How to Use a Lemon and Baking Soda to Clean Your Car’s Headlights

You may have noticed that your car’s headlights tend to get dirty and cloudy over time. This happens due to the oxidation and dirt that accumulates on the headlight lens over time, eventually causing a layer of cloudiness. You can use toothpaste to clear them or, if you don’t mind spending a little more money, then you can have them professionally treated. Either of those methods would work just fine, but I found another method that works as well and it involves using a lemon and baking soda.

There are two different methods when using lemon and baking soda on your headlights

Here are the tools that you need: A lemon, a bowl, and baking soda
Here are the tools that you need: A lemon, a bowl, and baking soda | Joe Santos, MotorBiscuit

Before getting started, you’ll need to gather up a couple of tools from your kitchen:

  • Baking soda
  • A lemon cut in half
  • A small bowl
  • Water
  • Microfiber towel
Here is what the headlight on my 2008 Honda S2000 looked like before the cleaning. You can see a little haze accumulated on it.
Here is what the headlight on my 2008 Honda S2000 looked like before the cleaning. You can see a little haze accumulated on it. | Joe Santos, MotorBiscuit

RELATED: Can Toothpaste Really Fix Your Yellowed Headlights?

You can also use eye protection if you want to be extra careful, but it’s really unnecessary. After gathering up your tools for the job, head out to your car, prepare the lemon and baking soda mixture, and apply it. There are two different ways to do this:

The pre-mix method

  • Pour a small amount of baking soda into the bowl
  • Squeeze half of the lemon into the baking soda
  • Stir until you get a paste
  • Apply the paste to the headlight and wait a few minutes
  • Rinse the headlight off with the water
  • Dry the headlight with a microfiber towel

The direct method

  • Pour a small amount of baking soda into the bowl
  • Take half of the lemon and dip it into the baking soda. Squeeze the lemon while you do this so that the baking soda sticks.
  • Apply the soda-coated lemon to each headlight with gentle force
  • Go over the entire headlight in a circular motion
  • Rinse off the headlight and surrounding area with water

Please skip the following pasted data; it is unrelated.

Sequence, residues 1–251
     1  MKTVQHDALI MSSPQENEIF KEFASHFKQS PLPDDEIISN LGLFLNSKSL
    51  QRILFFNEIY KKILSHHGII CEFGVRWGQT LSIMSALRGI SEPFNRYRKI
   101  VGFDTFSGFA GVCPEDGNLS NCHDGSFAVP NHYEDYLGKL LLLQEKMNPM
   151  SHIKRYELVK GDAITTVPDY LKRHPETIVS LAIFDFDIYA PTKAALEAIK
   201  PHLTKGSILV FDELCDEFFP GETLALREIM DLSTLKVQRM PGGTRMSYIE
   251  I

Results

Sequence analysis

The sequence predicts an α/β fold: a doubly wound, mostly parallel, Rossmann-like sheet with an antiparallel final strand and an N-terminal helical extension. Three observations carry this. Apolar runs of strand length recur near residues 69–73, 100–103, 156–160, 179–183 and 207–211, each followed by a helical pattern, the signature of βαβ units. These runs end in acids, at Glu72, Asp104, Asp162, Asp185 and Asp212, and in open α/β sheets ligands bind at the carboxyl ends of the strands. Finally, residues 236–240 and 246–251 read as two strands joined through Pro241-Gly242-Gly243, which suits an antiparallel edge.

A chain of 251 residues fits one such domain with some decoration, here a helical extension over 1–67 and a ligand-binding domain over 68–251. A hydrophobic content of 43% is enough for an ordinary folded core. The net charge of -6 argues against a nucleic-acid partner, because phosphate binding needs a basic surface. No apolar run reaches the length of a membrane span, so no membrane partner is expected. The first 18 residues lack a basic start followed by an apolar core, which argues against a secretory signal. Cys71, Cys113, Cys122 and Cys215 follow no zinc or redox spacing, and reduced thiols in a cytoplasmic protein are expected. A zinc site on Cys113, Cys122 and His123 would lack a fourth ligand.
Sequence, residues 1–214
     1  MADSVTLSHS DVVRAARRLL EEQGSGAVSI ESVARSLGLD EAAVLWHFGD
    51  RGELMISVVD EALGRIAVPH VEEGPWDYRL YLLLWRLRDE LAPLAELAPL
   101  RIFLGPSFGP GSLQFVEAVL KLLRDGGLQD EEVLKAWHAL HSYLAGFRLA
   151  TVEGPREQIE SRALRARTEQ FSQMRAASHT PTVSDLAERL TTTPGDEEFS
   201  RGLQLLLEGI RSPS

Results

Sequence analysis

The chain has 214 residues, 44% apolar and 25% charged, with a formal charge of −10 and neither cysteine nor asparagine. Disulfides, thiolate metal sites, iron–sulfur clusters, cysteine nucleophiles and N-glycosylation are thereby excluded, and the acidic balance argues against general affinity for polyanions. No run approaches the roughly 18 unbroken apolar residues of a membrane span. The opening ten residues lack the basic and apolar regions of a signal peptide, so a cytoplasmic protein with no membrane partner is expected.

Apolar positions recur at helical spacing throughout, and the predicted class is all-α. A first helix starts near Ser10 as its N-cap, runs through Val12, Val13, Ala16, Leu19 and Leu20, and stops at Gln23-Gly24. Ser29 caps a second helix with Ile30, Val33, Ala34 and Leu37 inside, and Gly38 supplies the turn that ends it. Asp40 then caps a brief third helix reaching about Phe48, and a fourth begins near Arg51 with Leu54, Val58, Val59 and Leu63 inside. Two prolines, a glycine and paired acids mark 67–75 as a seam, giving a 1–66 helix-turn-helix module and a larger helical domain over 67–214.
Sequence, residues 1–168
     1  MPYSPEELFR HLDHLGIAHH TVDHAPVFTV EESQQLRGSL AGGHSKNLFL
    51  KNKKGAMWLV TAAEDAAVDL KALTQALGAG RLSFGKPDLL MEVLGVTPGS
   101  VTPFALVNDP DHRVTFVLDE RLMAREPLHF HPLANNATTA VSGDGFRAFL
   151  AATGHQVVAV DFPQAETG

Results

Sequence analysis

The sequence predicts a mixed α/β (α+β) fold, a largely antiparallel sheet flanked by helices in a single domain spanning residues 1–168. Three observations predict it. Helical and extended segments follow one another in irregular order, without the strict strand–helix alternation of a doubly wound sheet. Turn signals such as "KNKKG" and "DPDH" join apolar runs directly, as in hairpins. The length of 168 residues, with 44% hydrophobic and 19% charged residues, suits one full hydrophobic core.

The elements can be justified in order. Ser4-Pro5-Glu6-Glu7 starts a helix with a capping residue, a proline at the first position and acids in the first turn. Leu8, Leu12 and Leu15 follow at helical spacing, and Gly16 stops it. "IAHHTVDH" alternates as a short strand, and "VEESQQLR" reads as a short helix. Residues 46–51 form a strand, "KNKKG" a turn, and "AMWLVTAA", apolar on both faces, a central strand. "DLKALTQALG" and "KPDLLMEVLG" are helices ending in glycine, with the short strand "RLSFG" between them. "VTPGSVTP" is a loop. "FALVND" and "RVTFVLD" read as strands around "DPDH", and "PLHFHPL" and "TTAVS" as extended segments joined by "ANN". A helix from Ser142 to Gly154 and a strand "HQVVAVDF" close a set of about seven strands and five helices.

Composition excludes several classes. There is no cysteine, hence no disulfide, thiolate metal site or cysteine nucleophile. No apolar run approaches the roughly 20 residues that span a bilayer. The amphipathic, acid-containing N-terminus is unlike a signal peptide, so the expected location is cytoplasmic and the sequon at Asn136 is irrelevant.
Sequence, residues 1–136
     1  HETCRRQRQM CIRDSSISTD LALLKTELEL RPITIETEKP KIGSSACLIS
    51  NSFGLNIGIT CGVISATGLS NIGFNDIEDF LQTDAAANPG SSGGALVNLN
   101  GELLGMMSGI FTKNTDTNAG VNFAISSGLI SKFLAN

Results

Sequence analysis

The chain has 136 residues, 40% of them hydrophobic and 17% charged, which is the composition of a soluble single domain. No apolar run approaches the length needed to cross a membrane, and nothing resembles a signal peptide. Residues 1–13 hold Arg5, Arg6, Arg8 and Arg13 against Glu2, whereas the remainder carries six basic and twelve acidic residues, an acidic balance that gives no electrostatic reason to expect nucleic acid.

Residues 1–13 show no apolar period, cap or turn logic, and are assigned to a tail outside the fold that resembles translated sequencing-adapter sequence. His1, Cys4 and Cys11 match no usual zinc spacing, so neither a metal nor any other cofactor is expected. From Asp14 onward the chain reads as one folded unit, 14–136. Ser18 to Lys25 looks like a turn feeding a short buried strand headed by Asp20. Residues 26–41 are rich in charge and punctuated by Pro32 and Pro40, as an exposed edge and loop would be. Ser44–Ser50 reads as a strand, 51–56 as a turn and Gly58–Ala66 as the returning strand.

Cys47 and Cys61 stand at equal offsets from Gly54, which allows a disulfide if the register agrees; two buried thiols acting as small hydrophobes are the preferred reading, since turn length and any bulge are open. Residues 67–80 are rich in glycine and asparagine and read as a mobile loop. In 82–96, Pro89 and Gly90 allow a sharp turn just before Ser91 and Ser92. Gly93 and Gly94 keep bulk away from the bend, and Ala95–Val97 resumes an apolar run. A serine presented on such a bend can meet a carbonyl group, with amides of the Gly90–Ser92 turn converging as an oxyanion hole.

• Dry the area with a microfiber towel

Does this method really work?

Cleaning the S2000's headlight with a lemon dipped in baking soda.
Cleaning the S2000’s headlight with a lemon dipped in baking soda. | Joe Santos, MotorBiscuit

I tried this method on my 2008 Honda S2000’s headlights to see if it would actually work. Admittedly, my car’s headlights weren’t too foggy, but if you look closely in the pictures, you’ll see a little bit of a haze. Of course, it would have been better to try it on a car with really foggy headlights, but I figured my neighbor wouldn’t like it if she saw me messing with her car; a lemon in one hand and a bowl in the other.

Alas, my S2000 was my guinea pig and surprisingly, I think the experiment was a success. It’s hard to see in the pictures, but the headlight did look clearer in person than when I started. In fact, during the process, I could even see the headlight clearing up. Overall, the whole process took around five minutes.

Your results may vary

An "after" shot of the process. The headlight looks much clearer now.
An “after” shot of the process. The headlight looks much clearer now. | Joe Santos, MotorBiscuit

One disclaimer I would like to mention is that your results may vary when using this method. Not because the lemon and baking soda mixture doesn’t work, it’s more due to the fact that some cars’ headlights are far worse than others. Keep in mind that the yellowing and cloudiness occur largely due to the acrylic headlight lens being exposed to UV rays for years, so some headlights may need to be wet sanded and clear coated to be restored.

The simple method outlined here is mainly effective on headlights with a low to moderate cloudiness and it’s NOT a permanent fix. Even after clearing them up, your car’s headlights will eventually get cloudy again over time. But if you repeat this process once a month, then you may be able to combat it.

While methods like using toothpaste or seeking professional help can do wonders for your cloudy headlights, the baking soda and lemon method works just fine, too. Try it at your own risk.

RELATED: Driving With Cloudy Headlights Is More Dangerous Than You Think